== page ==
But other people develop a fascination with the inanimate objects that continues into adulthood as we see in Living Dolls. An hour-long version of the feature-length objective, which recently screened at the Austin Film Festival, premieres on Logo TV Monday, November 4. “ I think dolls are in truth concern because they look like us, and you can project your dreams on them, your wants, your desires, your losses, whatever they are, and the dolls can mirror them back, ” says Living Dolls film director Maureen Judge, who had no problem finding adults eager to share their sleep together of dolls with her .
But casting Living Dolls wasn ’ t about locating average collectors with curio cabinets full of Madame Alexanders. Judge wanted to examine people who view their dolls as much more than bare collectibles and have intense relationships–or at least what they believe to be relationships–with them. “ To me, it was finding out why they are in a kinship with this solicitation and how it affects their relationships with other human beings, ” Judge says. ad ad ultimately, Judge profiles four people in the television cut of Living Dolls ( there are five subjects in the feature-length version ) who are in deep with their dolls. Among the people featured is David Hockey, a middle-aged man who collects life-size Real Dolls, which are made to look and officiate, in all the key physical respects, like real women. He tools around in his sports cable car with his favorite, Bianca, who is slightly of a celebrity–she was one of four dolls featured in the movie Lars and the Real Girl, and he likes to do photo shoots with her. “ Dolls make him young, ” Judge says of Hockey ’ s fixation on his fake women. “ I think being surrounded by what he feels is all of this beauty gives him a sense of youth. ” Hockey, who is married, has sexual activity with his dolls. Bianca was actually constructed as a prop for Lars and the Real Girl, and therefore, wasn ’ triiodothyronine made with a vagina, therefore field hockey brought her back to the manufacturer to have one, um, inserted. Brit Debbie Barnes has a more innocent and childlike relationship with her dolls. The young wife and mother collects Ellowyne fashion dolls and delights in buy and make clothes for them. She started ordering Ellowynes on-line when she and her husband moved off from family and friends. She spends a bunch of money on her obsession, and it is crippling her family ’ sulfur finances. That made her even more interest to Judge because Barnes ’ s narrative international relations and security network ’ deoxythymidine monophosphate merely about dolls, it is besides about the perils of on-line consumerism. ad
In some ways, Debbie has never grown up, and neither has Mike Meireles, who can ’ t get enough of Barbie and is seen venturing away from home–he and his partner live rent-free with Meireles ’ s mother–to a Barbie convention in Los Angeles. Meireles collected Barbies as a little boy but hid them away because he didn ’ thyroxine want anyone to know. When he last came out as a gay valet, his Barbies came out of the closet, excessively. elsewhere, Michael Sullivan aka RoboMike does severe things to Barbies, gouging out their eyes and cutting off their hair, though it is all in the diagnose of art. The New York City ocular effects artist, who has worked on films such as Star Trek V : The Final Frontier, has spent years transforming the formative figures–and other types of dolls, too–into automaton dolls for the epic automaton doll sex movie he has been working on for years. Titled The Sex Life of Robots, portions of the stop-motion animated film have been screened at the Museum of Sex. “ Michael is an perplex, bright artist, ” Judge says, noting that she wanted to include him in the film because his relationship with dolls is far from personal. “ For him, they ’ re an armature. They ’ re a model on which to make his robots. ”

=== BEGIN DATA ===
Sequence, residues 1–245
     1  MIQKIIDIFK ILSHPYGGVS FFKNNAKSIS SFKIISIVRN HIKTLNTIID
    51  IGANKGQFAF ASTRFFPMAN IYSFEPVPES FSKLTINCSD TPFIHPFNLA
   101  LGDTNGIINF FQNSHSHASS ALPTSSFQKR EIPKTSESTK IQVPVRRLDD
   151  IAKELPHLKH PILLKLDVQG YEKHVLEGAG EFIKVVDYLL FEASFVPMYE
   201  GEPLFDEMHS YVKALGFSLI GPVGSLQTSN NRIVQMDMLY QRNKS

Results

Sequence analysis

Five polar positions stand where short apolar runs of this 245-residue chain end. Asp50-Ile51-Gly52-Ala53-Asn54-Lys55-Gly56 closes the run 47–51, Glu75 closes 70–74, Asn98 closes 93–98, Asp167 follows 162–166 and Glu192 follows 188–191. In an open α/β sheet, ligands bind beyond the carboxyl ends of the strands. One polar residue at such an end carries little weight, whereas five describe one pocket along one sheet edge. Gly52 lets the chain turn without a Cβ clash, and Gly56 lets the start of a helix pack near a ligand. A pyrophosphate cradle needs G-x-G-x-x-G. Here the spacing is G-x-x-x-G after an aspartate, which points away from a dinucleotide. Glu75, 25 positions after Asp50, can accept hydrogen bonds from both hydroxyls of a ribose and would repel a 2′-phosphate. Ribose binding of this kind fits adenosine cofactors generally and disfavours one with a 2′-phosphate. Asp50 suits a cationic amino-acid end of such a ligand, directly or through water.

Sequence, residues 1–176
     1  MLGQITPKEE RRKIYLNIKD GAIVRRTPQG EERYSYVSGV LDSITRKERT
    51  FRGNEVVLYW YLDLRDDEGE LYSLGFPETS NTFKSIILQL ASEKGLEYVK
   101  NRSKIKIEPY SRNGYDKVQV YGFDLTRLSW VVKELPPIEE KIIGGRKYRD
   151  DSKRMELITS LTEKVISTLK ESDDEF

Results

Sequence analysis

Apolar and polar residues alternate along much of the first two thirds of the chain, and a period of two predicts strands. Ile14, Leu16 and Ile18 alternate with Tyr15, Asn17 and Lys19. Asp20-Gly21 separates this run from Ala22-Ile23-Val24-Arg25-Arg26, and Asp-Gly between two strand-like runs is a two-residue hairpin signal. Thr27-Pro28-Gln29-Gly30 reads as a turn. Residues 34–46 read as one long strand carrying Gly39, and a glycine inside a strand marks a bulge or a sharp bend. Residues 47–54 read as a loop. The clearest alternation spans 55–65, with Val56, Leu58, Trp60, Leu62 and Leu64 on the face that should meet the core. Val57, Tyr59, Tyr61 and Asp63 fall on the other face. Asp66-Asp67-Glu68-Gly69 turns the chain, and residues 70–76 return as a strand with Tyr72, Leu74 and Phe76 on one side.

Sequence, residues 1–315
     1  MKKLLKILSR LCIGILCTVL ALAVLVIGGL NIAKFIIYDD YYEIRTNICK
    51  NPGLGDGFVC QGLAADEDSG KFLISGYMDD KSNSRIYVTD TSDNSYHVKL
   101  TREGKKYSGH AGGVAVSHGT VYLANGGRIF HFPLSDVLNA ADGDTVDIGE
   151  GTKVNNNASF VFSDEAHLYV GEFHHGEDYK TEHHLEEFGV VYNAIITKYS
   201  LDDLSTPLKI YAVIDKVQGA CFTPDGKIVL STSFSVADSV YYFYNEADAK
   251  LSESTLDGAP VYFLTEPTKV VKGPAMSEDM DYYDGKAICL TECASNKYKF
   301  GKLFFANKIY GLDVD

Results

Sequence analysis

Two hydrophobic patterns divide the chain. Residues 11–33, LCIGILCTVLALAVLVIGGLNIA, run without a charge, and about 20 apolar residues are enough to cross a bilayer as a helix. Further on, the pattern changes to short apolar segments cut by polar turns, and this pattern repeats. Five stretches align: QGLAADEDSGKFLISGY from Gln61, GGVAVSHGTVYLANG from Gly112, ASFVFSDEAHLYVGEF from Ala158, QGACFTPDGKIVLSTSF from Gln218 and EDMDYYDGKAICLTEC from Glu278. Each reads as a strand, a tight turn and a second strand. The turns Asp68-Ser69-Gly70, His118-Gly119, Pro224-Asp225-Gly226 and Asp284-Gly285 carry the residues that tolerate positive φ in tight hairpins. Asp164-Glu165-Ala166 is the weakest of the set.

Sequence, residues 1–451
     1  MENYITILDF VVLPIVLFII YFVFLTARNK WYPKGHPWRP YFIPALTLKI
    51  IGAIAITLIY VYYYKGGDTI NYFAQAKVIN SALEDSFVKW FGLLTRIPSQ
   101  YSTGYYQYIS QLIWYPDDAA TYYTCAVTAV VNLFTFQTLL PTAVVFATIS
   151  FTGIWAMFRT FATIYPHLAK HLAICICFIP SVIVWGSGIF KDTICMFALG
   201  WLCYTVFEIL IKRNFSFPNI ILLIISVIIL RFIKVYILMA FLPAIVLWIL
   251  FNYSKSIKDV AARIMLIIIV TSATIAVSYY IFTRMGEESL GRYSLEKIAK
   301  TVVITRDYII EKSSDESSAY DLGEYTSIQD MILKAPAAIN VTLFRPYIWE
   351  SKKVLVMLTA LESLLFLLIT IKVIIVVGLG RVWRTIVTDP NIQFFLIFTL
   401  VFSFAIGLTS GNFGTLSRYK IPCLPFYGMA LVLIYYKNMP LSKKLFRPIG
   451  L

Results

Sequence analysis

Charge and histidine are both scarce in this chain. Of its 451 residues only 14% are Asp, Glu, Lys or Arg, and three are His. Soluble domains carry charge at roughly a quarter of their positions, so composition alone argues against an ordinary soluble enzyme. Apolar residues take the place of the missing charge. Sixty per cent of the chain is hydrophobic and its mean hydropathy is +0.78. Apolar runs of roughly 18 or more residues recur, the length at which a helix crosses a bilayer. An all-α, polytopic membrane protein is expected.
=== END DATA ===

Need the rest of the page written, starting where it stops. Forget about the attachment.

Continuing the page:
While we get to know the doll collectors, Living Dolls besides introduces us to their loved ones, including Sullivan ’ s long-time girlfriend, who doesn ’ t actually live with him ; Barnes ’ s mother and husband ; and Meireles ’ s mother and partner. Hockey ’ s wife welcomed Judge and her crew into her home but did not want to appear in the film. “ I tried to [ admit class members ] deoxyadenosine monophosphate a lot as I could, to show them loved by early people, because I think it ’ sulfur in truth important for us to understand that they are full people, ” Judge says. “ If they ’ re equitable isolated and not seen in the bigger universe, it ’ s not easy for us to see that they have layers, and they run deep, and they have real emotions. ” ad The director didn ’ metric ton want to trivialize her subjects, and she tried not to cast judgment on anyone. “ When I ’ thousand film, I fair sort of hop on the train, ” she says. “ I just go into their world, and I love it. ” Judge international relations and security network ’ t a dame collector, but she remembers two dolls from her childhood with great affection. “ One was good a baby dame like every other female child had, and I could bottle feed her and change her diapers. I named her Elizabeth, my center name, ” Judge says. “ And then I had a nun dame. She was a endowment from my grandma, and she had been my mother ’ randomness dame. I was brought up Catholic, and every Sunday we had to go to church, and I would see the nuns sitting there in these fabulous ‘ costumes. ’ So I precisely love this dame because of her costume, which is the nun ’ s habit. I wasn ’ deoxythymidine monophosphate at that indicate making the connection between their lives and their habit or who they were. I good wanted to wear alien costumes. ” Judge distillery has the nun dame, though it isn ’ metric ton on display. She keeps it in a torso in her basement. ad ad